Recently I had problems with one of my flights. That’s nothing new, and as Grant Fritchey noted, I tend to anger the travel gods for some reason and often find myself in situations that make me regret ever leaving the ranch. In this case, I flew to the Dallas-Fort Worth airport, which was fairly close to SQL Saturday #63. I attended the event, and drove back early Sunday morning in time to have some coffee before my flight. I walked in, went straight to security with no bags to check and a mobile boarding pass. I scanned my phone 4 or 5 times before the security guard told me to leave.
Actually he didn’t tell me to leave, and was very polite in asking me to go check with the airline for a new boarding pass. The airline agent informed me that my flight was out of Love field (new service starting that day) and despite my early arrival, I wouldn’t make it to Love field in time. I was stunned as I had booked a flight like I normally do: pick an outbound flight, then an inbound one. I have never been presented choices from a different airports for the return flight, but in this case that was what happened.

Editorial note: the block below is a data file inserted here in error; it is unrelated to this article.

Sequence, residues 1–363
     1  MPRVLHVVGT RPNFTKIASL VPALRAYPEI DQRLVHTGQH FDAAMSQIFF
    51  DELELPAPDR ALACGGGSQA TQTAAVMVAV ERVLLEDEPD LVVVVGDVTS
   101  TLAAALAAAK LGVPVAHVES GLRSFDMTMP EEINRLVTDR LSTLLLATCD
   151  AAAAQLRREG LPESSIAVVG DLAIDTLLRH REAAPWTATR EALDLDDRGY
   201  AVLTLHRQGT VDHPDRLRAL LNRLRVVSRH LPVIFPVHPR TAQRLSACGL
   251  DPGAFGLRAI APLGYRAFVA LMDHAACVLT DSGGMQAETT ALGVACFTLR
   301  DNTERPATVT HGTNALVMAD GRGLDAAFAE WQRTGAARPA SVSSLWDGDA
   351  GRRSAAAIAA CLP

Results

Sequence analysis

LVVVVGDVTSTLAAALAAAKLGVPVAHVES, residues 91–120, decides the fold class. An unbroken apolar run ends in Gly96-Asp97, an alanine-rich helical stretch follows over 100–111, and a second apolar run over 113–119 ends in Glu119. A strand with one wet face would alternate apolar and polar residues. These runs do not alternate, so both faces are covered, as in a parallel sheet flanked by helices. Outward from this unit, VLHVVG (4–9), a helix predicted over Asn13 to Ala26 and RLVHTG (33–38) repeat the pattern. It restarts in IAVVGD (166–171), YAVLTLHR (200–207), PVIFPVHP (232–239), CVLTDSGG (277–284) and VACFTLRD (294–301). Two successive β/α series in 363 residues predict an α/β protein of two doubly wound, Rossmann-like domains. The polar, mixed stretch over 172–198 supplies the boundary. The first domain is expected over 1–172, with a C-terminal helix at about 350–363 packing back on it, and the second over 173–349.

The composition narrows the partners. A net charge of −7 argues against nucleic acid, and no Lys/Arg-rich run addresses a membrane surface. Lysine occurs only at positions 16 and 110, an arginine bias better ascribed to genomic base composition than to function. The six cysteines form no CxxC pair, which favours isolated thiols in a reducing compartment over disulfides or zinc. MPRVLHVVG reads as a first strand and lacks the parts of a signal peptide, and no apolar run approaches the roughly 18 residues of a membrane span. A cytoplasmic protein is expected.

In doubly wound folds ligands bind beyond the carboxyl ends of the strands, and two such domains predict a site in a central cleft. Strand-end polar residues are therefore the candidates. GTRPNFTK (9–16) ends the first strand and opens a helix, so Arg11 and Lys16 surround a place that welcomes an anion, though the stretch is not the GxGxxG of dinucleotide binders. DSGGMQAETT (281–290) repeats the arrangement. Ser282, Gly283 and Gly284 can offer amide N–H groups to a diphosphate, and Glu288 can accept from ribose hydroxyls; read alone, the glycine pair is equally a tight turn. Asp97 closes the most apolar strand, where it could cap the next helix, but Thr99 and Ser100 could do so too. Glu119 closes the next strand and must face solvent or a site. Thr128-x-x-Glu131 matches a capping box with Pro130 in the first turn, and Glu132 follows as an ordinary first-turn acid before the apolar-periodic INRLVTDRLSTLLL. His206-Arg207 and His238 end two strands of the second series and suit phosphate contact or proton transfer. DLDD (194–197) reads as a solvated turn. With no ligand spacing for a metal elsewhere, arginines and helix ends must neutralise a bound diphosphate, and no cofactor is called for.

I could have gotten upset, especially after spending 5 hours in the DFW airport waiting for another flight. Instead I tried something else. I sent a nice note to Expedia, letting them know that despite my issues, I am pleased with the way that they provide a booking service on the web. I have used their site for years, and it’s been a nice tool for me, allowing me to keep all of my data in one place. Their services have expanded over time and I like their service. I then told them of my issue, and noted that it might have been a bug or a glitch, but in any case, it was an inconvenience for me.
It was a strange situation for me, and a convergence of a few things. My inattention to detail, new service for an airline, and a large city with multiple airports. I rarely fly to cities with more than one airport to choose from, and was willing to accept some of the blame. However I also know that application developers try to build applications that work, and a little praise is always appreciated.